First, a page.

During Black History Month, Canadians celebrate the many achievements and contributions of Black Canadians who, throughout history, have done so much to make Canada the culturally diverse, compassionate and prosperous nation it is today. Throughout February, the Burnaby Central community aims to increase community awareness about the contributions of Black Canadians and to foster an understanding of the history of Canada as the history of Black Canadian experiences.  We strive to encourage a critical understanding of the challenges Black Canadians have faced, and continue to encounter, and lay the foundation for the necessary conversations around how these challenges are a reflection of a larger social prejudice in Canadian society.  While February has been recognized as the national month  honouring Black Canadian History, these efforts to raise awareness and to nurture critical dialogue, must not be restricted to the month of February, but rather be a responsibility that we embrace and carry out every single day.

 

Black History in Canada

People of African descent have been a part of shaping Canada’s heritage and identity since the arrival of Mathieu Da Costa, a navigator and interpreter, whose presence in Canada dates back to the early 1600s.

The role of people of African descent in Canada has not always been viewed as a key feature in Canada’s historic landscape. There is little mention that some of the Loyalists who came here after the American Revolution and settled in the Maritimes were people of African descent, or of the many sacrifices made in wartime by soldiers of African descent as far back as the War of 1812.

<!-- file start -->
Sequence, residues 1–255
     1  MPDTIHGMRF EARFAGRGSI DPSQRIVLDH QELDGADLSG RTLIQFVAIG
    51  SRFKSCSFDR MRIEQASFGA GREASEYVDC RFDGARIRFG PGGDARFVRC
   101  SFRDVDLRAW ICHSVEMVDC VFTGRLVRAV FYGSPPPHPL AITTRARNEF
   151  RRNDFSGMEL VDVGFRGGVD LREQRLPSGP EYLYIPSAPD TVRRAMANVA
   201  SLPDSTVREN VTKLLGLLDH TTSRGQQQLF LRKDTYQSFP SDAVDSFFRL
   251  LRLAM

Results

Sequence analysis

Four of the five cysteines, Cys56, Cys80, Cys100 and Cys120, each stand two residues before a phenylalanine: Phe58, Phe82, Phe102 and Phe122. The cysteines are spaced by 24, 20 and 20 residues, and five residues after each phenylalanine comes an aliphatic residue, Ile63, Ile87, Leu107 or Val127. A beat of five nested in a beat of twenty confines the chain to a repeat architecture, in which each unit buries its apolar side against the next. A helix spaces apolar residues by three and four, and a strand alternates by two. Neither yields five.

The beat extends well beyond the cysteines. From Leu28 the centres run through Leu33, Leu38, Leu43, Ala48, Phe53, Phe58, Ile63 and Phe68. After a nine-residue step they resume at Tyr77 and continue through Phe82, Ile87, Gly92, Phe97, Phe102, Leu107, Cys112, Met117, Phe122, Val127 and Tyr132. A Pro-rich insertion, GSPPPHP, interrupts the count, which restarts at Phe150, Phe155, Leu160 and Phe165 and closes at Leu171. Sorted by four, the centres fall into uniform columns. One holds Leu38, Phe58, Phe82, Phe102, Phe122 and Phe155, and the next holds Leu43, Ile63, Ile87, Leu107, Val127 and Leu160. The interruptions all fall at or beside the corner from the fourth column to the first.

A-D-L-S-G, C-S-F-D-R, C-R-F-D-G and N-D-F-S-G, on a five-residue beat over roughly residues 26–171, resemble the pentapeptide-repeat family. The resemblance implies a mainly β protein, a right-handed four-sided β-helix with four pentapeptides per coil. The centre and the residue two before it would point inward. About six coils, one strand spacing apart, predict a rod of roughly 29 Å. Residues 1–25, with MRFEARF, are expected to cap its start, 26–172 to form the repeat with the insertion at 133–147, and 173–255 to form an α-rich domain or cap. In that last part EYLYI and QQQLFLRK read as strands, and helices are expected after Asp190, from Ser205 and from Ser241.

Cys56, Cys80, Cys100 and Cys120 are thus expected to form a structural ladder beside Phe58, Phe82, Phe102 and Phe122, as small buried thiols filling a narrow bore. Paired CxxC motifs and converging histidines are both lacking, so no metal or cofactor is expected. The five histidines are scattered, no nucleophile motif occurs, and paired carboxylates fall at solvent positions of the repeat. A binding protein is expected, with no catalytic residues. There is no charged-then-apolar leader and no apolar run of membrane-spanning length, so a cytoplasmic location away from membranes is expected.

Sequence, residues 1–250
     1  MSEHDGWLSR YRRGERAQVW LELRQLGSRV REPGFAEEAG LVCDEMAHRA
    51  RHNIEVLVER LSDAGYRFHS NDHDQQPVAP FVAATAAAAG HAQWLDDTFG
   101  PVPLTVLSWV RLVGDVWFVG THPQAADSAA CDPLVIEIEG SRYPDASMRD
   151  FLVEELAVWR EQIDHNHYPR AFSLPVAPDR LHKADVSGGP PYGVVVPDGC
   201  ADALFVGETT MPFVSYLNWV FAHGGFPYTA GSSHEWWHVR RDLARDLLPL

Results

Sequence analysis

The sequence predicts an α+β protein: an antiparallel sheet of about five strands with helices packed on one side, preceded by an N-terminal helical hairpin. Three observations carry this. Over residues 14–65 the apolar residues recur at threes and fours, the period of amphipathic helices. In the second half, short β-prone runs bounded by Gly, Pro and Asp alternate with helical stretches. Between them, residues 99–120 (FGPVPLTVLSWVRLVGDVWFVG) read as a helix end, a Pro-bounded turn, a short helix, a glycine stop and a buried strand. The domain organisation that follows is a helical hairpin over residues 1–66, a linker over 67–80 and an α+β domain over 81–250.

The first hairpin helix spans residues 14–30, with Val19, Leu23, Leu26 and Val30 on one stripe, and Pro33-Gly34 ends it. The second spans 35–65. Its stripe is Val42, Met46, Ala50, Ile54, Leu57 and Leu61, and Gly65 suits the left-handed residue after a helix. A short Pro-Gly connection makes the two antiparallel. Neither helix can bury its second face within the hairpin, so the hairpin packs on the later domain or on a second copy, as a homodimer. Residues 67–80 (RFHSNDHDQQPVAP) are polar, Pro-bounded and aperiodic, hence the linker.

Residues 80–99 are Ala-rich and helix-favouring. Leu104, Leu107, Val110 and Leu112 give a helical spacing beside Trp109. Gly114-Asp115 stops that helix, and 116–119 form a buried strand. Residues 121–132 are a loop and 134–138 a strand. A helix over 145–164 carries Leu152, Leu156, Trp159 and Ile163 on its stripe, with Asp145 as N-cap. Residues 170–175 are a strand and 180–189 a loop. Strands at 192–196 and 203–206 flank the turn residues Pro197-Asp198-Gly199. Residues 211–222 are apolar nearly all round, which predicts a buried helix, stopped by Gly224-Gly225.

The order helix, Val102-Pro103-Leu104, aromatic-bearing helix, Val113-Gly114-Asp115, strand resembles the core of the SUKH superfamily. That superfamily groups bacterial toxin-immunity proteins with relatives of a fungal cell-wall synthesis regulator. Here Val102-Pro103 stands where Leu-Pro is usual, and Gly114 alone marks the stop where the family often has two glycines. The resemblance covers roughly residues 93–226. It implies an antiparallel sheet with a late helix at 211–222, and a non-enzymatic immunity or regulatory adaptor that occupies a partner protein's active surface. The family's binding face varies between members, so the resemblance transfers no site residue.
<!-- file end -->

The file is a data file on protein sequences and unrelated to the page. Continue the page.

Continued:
Few Canadians are aware of the fact that African people were once enslaved in the territory that is now Canada, or of how those who fought enslavement helped to lay the foundation of Canada’s diverse and inclusive society.

Black History Month is a time to learn more about these Canadian stories and the many other important contributions of Black Canadians to the settlement, growth and development of Canada, and about the diversity of Black communities in Canada and their importance to the history of this country.

 

Recognizing Black History Month

The commemoration of Black History Month dates back to 1926, when Harvard-educated African American historian Carter G. Woodson proposed setting aside a time devoted to honour the accomplishments of African Americans and to heighten awareness of Black history in the United States. This led to the establishment of Negro History Week in 1926. Celebrations of Black history began in Canada also shortly thereafter. During the early 1970s, the week became known as Black History Week. It was expanded into Black History Month in 1976.

In December 1995, the House of Commons officially recognized February as Black History Month in Canada following a motion introduced by the first Black Canadian woman elected to Parliament, the Honourable Jean Augustine. The motion was carried unanimously by the House of Commons.

In February 2008, Senator Donald Oliver, the first Black man appointed to the Senate, introduced the Motion to Recognize Contributions of Black Canadians and February as Black History Month. It received unanimous approval and was adopted on March 4, 2008. The adoption of this motion completed Canada’s parliamentary position on Black History Month.